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There is nothing illegitimate about that scenario, so it's entirely possible they'd still be willing to quote you ballpark figures. You can't lose anything by calling them up.

Also, it's worth noting that if this is for a report, you should report on the reality of the situation: don't try to get numbers just because you believe there should be numbers. If in fact the numbers vary widely -- as they do for some middleware -- that's what you want to say; you want to say there is not necessarily a fixed price (because this isn't a retail business), but rather often there's monetary exchange involved in the contracts negotiated on a per-deal basis between licensor and licensee, perhaps in conjunction with some other forms of compensation or exchange.

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True, and I am going to make it clear that licenses are not necessarily a fixed cost. But I do need to have some kind of sales forecast to estimate how much money will be coming in. I need to make some reasonable assumptions in order to do that.

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Josh is right. I know of at least one Indie developer who got an Unreal Engine license for a fraction of the amount you quoted above (which I do believe is a broadly correct figure) so it really can vary dramatically. Remember that middleware of this level is very often priced according to the cost of supporting the engine/libraries rather than just licensing the use of them. I don't know for a fact but I would imagine that the developer who got that massive reduction had a contract for pretty much no support, and support is very expensive on these high end tools. I think it's fair to say that - in business - everything is up for negotiation (I've never found anyone who flat out refused to negotiate*) Probably no two companies have paid the same amount.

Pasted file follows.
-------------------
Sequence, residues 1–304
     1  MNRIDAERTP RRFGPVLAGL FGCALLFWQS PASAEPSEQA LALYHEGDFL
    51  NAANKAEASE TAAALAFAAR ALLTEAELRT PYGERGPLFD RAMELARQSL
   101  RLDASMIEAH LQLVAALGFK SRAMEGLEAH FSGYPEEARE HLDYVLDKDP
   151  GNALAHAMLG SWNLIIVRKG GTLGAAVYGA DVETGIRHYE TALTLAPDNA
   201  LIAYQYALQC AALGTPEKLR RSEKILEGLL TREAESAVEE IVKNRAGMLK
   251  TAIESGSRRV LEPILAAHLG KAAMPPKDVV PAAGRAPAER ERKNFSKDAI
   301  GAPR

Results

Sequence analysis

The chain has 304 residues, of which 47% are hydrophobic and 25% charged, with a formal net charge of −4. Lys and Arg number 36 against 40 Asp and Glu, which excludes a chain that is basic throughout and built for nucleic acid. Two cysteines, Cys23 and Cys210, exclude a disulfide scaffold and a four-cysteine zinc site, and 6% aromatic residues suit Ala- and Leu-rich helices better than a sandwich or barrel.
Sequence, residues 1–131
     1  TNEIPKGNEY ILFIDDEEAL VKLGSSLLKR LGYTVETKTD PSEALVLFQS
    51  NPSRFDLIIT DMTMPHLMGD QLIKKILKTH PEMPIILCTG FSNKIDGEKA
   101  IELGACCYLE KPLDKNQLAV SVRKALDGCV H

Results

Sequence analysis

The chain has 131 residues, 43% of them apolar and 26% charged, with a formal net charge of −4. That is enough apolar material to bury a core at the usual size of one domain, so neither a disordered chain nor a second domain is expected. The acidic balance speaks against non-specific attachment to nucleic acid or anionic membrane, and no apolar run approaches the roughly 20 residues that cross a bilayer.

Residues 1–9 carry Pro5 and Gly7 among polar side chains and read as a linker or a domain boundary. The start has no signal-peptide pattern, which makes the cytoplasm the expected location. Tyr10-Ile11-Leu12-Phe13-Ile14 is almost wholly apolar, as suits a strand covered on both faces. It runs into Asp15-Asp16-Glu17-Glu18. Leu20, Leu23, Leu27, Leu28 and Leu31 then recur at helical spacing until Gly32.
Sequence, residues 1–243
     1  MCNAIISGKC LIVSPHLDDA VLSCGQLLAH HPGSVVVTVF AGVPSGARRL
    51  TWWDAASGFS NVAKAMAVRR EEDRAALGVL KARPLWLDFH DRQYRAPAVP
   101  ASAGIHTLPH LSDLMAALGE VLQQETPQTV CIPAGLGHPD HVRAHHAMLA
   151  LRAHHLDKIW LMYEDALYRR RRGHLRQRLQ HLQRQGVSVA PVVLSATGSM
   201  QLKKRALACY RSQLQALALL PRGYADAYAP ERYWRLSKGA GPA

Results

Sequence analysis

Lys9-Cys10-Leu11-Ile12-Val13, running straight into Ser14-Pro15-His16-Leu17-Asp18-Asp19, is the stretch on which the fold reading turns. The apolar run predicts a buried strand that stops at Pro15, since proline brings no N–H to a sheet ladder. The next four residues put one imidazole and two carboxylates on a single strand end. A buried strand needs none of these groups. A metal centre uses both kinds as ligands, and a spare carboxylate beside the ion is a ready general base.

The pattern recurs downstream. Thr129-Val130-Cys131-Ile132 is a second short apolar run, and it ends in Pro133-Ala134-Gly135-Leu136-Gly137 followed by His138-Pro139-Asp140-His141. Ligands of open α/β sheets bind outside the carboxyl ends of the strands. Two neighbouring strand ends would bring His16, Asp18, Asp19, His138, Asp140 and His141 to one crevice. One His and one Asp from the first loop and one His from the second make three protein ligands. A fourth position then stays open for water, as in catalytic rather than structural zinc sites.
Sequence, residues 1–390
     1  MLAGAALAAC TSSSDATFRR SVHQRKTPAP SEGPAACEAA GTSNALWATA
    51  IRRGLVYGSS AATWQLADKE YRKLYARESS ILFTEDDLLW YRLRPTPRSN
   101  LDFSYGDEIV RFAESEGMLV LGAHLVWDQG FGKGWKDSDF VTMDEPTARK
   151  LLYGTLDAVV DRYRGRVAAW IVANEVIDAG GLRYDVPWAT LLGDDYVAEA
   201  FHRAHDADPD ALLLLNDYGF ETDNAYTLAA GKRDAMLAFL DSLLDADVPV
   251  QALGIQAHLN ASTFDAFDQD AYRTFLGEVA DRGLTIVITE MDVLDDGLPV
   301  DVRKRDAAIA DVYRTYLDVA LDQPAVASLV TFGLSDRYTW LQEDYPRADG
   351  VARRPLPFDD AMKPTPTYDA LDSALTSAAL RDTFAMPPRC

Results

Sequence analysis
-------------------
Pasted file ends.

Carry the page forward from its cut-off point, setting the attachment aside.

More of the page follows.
He's also right that it really won't hurt to write to the middleware developers and ask them. The worst they can do is say no. They won't put you on an international "never talk to" list or anything :P Seriously, you'd be surprised what people will tell you if you ask, and equally you might be surprised at what some people won't tell you, but it really won't hurt to ask them. In all honesty, you're not going to get much credit for ballpark figures you can't attribute to anyone from someone on GameDev who "read something by someone who knew someone whose sister dated someone who used to work for a company that might have used Havok - unless it was that other physics engine, I always get those confused - and he said it was $10k but that was five years ago." This applies as much to my advice as anyone else's. I could be an eleven year old compulsive liar for all you know.

I really think you're better off asking the middleware provider because anyone who really has used the middleware in question is almost certainly contractually bound not to discuss it, which makes it very hard to trust any numbers you can get.

*I tell a lie, I remember one company which refuses point blank to negotiate. Massively overinflated ego, and they're a much smaller company than others that will and do.